Technical debt is a topic that's been written about extensively by many people over the years. It can be a little tough to define, but in the broadest sense, technical debt is any unaddressed opportunity to improve a codebase.
The cause might be rushing a feature out the door at the expense of code quality, a framework the codebase was built on becoming outdated, or three developers creating code that's nearly identical except for subtle differences.
If a non-programmer asked what technical debt was though, how would you explain it?
Here's 10 ways I might try.
- To a chef, it's choosing to make a meal faster at the expense of leaving the kitchen looking like a warzone. Things need to be tidied up occasionally or no one can find what they need before the food burns.
- To a physician, it's maintaining their current pace of work using outmoded methods, at the expense of taking extra time to learn and implement new techniques in medicine.
- To an architect, it's trying to build bigger and better structures, but not putting in the time to learn about new improvements in material and design.
- To a mechanic, it's a quick fix like adding more oil without fixing a leaky oil pan, or replacing unevenly worn tires without doing an alignment.
- To a vehicle owner, it's saving a few bucks by skipping needed maintenance, knowing something will eventually break - and at the least convenient time too.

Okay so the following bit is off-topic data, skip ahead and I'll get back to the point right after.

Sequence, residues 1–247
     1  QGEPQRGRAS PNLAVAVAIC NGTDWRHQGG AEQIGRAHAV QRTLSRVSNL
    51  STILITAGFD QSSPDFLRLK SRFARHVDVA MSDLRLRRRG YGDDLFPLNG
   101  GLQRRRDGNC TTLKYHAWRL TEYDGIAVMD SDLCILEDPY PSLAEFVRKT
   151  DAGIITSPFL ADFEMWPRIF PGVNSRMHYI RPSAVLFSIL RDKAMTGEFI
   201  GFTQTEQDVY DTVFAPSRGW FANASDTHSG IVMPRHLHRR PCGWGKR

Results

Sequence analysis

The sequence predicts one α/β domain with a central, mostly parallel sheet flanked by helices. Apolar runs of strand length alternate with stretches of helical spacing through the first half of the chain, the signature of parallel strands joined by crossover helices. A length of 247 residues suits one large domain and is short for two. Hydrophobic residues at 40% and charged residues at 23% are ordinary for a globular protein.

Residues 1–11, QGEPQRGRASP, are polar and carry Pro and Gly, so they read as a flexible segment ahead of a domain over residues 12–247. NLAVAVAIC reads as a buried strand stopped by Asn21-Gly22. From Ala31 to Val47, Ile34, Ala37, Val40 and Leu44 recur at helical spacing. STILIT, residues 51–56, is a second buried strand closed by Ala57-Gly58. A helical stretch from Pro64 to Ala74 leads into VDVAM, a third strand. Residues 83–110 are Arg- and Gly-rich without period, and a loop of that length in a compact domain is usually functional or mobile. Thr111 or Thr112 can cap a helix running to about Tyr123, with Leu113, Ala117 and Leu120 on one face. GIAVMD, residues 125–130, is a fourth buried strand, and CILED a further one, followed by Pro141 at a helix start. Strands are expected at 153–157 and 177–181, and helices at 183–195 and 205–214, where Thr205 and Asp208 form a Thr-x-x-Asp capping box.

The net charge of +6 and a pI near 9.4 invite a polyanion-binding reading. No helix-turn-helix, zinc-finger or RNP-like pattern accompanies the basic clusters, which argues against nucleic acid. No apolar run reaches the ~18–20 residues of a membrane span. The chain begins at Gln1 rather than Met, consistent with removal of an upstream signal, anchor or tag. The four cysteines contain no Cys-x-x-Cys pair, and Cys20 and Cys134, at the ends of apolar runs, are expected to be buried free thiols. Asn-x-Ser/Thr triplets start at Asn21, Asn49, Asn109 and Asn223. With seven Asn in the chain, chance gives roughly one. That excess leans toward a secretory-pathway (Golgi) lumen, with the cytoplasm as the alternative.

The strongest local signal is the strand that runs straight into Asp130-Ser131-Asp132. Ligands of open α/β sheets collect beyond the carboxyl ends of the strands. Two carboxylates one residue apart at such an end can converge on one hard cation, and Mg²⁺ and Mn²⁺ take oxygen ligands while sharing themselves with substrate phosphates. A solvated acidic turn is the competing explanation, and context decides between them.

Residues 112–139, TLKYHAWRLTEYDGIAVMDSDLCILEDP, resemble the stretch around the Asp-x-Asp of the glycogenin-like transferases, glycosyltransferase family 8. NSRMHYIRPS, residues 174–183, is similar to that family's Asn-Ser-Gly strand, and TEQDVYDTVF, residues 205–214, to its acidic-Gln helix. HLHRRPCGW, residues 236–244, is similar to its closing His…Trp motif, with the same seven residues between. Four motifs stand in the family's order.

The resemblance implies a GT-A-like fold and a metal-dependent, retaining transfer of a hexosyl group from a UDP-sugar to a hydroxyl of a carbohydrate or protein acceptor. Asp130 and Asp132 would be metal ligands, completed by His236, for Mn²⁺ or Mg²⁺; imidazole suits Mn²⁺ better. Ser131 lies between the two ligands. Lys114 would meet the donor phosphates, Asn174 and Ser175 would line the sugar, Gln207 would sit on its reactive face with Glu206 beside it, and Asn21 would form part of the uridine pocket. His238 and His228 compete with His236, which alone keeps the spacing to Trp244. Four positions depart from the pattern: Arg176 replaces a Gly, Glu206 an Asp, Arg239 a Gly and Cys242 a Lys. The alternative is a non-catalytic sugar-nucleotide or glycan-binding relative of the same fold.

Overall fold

- To an electrician, it's overloading a circuit with a few more lights and outlets (just one more...) instead of taking the time to rewire the breaker box.
- To a construction worker, it's building something on a flimsy base that looks good in the short term, at the expense of holding up for years to come. Looking at you, Ryan Homes.
- To a child, it's sweeping toys under the rug and into the closet in order to get to what they really want to do - and then complaining when they can't find what they're looking for anymore.
- To a parent, it's taking the easy route by skipping out on discipline now, only to discover later on that the lack of discipline bites you big time.
- To a business owner, it's finding yourself the owner of a program that takes new employees longer and longer to understand, is more and more likely to break in unpredictable ways, and scares the living crap out of old employees who avoid large swaths of the codebase due to a sense of self-preservation. :p
What'd you think of these? Good? Bad? Ultimately, all comparisons fail to capture the many aspects of what exactly technical debt is. How would you explain it? Share below!
And if you want to read some pragmatic posts on the subject, here's a few from Erik Dietrich that I liked:
And then there's Ward Cunningham, who (afaik) originally coined the phrase: